Monoamniotic-Monochorionic Twins (MoMo Twins)

Definition - What does Monoamniotic-Monochorionic Twins (MoMo Twins) mean?

Monoamniotic-monochorionic twins are identical twins that share both an amniotic sac and a placenta. They are rare, occurring in 0.3% of twin pregnancies, and are complicated pregnancies.

FertilitySmarts explains Monoamniotic-Monochorionic Twins (MoMo Twins)

Several possible arrangements of placentas and amniotic sacs exist for identical twins. Monoamniotic means that both fetuses are encased in one amniotic sac and share amniotic fluid, while monochorionic means that both fetuses share one placenta. Each fetus has its own umbilical cord. Because of this unusual arrangement, there are several complications that can arise in mono-mono twins.

As the fetuses are close to each other, and because there is no amniotic membrane separating them, they can easily become tangled in each other’s umbilical cords. This condition is called cord entanglement. Also due to the lack of amniotic membrane, one twin can apply pressure to the other twin’s umbilical cord in a condition called cord compression. This can block the flow of blood, and therefore nutrients and oxygen, and can result in the death of one of the twins. Because mono-mono twins share a placenta, their circulatory systems are also connected in random tangles. This can lead to twin-to-twin transfusion syndrome (TTTS), when one twin gets most of the nutrients, leaving the other twin without. A connected blood supply can also lead to a difference in birth weights and another very serious complication called twin reversed arterial perfusion syndrome (TRAPS). In this syndrome, one twin doesn’t grow a heart and is reliant on the other twin’s heart to pump for it. This puts far more pressure on the twin with the heart, as it’s pumping for both fetuses.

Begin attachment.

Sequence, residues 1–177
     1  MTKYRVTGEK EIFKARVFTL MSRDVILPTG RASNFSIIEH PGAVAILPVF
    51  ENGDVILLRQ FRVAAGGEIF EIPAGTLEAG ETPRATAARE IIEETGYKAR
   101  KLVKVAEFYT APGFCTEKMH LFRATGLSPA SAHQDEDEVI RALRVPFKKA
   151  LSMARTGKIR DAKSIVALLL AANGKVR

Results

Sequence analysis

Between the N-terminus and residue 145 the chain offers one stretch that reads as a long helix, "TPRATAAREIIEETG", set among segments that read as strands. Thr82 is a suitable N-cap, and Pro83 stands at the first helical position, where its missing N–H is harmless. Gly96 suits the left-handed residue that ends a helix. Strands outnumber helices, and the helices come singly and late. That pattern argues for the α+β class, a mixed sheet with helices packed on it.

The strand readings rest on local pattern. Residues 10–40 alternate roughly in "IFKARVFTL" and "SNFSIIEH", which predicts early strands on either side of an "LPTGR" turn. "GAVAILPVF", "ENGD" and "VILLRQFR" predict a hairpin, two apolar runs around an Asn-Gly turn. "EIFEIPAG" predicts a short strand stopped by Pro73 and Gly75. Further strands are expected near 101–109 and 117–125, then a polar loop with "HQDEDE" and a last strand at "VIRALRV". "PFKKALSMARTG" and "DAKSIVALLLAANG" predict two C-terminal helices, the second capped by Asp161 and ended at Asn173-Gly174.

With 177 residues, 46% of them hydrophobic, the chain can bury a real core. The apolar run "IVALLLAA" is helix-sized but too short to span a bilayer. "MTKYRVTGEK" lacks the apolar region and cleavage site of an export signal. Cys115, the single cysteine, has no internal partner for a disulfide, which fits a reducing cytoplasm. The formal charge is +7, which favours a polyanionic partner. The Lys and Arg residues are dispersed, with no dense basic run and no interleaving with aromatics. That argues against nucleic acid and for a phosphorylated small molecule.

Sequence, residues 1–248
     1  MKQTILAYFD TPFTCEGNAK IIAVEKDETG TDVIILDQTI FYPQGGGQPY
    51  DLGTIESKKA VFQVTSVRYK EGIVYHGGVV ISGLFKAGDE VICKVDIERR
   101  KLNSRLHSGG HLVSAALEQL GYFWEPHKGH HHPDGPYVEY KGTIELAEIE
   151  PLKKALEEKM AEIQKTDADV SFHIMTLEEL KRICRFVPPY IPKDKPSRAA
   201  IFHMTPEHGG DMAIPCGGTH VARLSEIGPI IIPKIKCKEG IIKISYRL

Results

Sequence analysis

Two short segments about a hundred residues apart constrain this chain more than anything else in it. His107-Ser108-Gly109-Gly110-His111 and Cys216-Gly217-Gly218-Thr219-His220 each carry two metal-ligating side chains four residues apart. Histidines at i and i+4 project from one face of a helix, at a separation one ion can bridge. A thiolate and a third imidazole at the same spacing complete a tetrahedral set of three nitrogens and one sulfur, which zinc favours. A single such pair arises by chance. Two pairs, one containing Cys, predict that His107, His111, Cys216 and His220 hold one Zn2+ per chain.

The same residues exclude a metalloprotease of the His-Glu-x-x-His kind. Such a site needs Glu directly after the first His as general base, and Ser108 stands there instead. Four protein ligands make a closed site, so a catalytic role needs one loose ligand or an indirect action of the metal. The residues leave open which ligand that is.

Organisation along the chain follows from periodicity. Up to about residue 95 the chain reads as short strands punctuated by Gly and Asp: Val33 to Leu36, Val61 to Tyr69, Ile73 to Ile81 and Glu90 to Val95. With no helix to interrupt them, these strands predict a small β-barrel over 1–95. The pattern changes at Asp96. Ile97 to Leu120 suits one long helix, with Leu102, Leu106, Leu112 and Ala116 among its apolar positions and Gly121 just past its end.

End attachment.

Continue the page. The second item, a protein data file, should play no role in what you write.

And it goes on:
Mono-mono twins can be detected a few weeks into pregnancy, and women pregnant with mono-mono twins will undergo continuous, rigorous monitoring. Monoamniotic twins are delivered early, around 32 weeks because of the risks of cord entanglement and compression. Also because of the shared placenta, vaginal delivery of one twin compromises the other as the first pulls on the placenta. As a result, Caesarean section is usually recommended.

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